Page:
The sensitivity and clinical utility of the polymerase chain reaction (PCR) assay for the detection of BCR-ABL gene rearrangement was compared to conventional cytogenetics for the Philadelphia chromosome (Ph1) in adult acute lymphoblastic leukemia (ALL) patients entered onto a single clinical trial. Ninety-three patients had evaluable PCR assays for both the p190(bcr-abl) and p210(bcr-abl) type of BCR-ABL gene rearrangements. Twenty-one of 93 patients (23%) were positive for the BCR-ABL rearrangement by the PCR assay. Fourteen of these patients had the p210(brc-abl) BCR-ABL rearrangement characteristically seen in CML patients, while seven had the p190(bcr-abl) rearrangement seen in ALL alone. Of 61 patients analyzed, both with conventional cytogenetics and PCR, eight (13%) were positive for the Ph1, while 14 (23%) were positive for the BCR-ABL rearrangement by the PCR assay. Discordance between the PCR assay and cytogenetics occurred in eight cases where the PCR assay was positive and the cytogenetics negative, and two cases where the PCR assay was negative and cytogenetics positive. PCR positivity did not correlate with treatment response, survival, or relapse-free survival, but there was a higher percentage of L2 FAB morphology in the PCR+ cases compared to the PCR-cases (67 vs. 28%, p = 0.003). In addition, the data suggested that patients with a p190(bcr-abl) rearrangement have a better response to induction therapy, but a worse relapse-free survival compared to patients with a p210(bcr-abl) breakpoint, but these differences were not statistically significant. These data suggest that PCR and conventional cytogenetics may provide complementary information, since there appear to be a subset of patients who are Ph1-negative yet BCR-ABL positive by PCR. Further studies will be required to determine the prognostic significance of the detailed information about BCR-ABL breakpoints that is available from the PCR assay.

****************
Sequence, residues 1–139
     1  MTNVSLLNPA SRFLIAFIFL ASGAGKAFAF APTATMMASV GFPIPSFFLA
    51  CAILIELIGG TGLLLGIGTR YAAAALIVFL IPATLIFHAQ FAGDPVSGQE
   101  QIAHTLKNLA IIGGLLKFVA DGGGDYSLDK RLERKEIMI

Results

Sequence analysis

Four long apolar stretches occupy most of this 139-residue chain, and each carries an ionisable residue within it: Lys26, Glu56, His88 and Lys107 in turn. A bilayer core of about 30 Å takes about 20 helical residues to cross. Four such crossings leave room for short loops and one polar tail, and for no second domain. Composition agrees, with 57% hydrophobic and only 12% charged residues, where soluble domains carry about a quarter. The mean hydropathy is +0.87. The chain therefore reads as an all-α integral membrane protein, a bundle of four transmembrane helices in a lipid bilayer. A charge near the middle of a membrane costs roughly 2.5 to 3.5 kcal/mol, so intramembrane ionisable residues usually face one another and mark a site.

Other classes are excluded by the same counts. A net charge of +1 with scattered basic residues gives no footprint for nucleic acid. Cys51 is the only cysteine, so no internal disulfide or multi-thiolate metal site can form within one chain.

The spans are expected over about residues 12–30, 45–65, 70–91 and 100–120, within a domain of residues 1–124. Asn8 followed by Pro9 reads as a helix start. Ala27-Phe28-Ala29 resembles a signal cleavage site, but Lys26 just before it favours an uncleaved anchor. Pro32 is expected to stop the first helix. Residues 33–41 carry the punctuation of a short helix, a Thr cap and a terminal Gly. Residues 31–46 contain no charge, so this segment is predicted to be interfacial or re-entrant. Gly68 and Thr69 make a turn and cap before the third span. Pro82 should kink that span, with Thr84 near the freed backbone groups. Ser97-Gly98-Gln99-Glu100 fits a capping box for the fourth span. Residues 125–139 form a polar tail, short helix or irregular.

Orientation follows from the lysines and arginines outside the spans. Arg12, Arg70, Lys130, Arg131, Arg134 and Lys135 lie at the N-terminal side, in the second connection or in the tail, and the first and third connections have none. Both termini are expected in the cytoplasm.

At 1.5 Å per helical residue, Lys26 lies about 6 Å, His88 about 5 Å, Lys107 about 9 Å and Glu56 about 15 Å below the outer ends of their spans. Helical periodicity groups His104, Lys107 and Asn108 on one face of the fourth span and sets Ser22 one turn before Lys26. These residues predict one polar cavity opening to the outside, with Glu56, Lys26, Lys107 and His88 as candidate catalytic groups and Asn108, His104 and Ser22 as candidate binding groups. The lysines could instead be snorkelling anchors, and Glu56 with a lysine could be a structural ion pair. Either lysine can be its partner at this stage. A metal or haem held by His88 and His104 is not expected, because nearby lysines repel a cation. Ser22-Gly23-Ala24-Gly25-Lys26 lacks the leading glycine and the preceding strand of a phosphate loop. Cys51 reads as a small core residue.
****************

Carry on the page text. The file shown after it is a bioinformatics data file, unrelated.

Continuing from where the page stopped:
|Original language||English (US)|
|Number of pages||8|
|State||Published - Oct 1994|
ASJC Scopus subject areas
- Cancer Research